What led you to pursue an MBA at this point in your career? I became motivated to pursue an MBA at this point in my career when I realized I was missing personal fulfillment in my role. While I loved the company culture and the people I worked with, the goals I worked toward every day did not align with the legacy I wanted to leave. I have always been passionate about the entertainment industry and I wanted to make that career transition. I knew that an MBA degree from Marshall would assist me in making a successful transition.

What other MBA programs did you apply to? UCLA Anderson School of Management, Emory University’s Goizueta Business School, and NYU Stern School of Business

How did you determine your fit at various schools? Fit was extremely important to me, so I approached evaluating schools strategically. Since my goal is to transition into entertainment, I prioritized whether or not the program offered access to entertainment business classes as part of its curriculum. Second, I considered the school’s network of professionals in the industry and third I looked at the school’s location. I used websites to do preliminary research on the academics and school offerings for entertainment recruiting (giving me a sense of its alignment with my career goals). I also reached out to student ambassadors to reach out to learn more and spoke to students through informational interviews, which provided substantial context and detail on the schools. I also visited each of the schools on my list to get a sense of the community and culture. When it came to community, I was looking for an “It takes a village” type of culture, so I used more of my gut in that evaluation.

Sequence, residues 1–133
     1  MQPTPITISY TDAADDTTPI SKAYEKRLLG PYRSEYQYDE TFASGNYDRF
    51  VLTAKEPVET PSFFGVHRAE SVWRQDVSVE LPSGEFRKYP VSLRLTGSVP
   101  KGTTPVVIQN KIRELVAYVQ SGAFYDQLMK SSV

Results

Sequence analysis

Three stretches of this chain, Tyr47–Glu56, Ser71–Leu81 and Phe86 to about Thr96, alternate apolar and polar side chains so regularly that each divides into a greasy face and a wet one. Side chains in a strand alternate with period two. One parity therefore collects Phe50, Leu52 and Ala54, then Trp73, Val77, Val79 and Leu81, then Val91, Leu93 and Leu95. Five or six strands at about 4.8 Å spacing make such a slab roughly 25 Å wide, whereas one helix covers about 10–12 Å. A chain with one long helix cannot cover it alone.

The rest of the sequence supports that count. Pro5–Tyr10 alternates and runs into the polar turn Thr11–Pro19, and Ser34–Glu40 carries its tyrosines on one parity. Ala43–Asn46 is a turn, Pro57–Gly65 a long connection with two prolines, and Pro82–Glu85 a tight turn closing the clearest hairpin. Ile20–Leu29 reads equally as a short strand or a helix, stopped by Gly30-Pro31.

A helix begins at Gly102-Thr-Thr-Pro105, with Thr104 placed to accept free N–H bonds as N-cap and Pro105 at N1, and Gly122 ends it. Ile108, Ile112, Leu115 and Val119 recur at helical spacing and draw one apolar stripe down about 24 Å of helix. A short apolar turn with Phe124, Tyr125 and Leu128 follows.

What was your defining moment and how did it shape who you are? My defining moment was more of a progression. It came in 2017 when I decided to free myself from my own pursuit of perfection. I was always ambitious, focused, and academically excellent. However, I was limiting my happiness and success by not giving myself space to make mistakes. Fear of failing prevented me from taking risks. As long as I was playing it safe, I never exercised my full potential. After watching an Instagram post from Will Smith about skydiving, when he said, “God placed the best things in life on the other side of fear,” I adopted that mantra, and let my inhibitions go. The result has been that I have become emotionally lighter and more able to fly. My happiness and self-love have soared, and I slow down to appreciate life in all its colors.

Where do you see yourself in ten years? In ten years, I see myself on the Oscar stage accepting the Best Picture award for a film I produced through my production company, Village Theory Productions – one step closer to receiving an EGOT.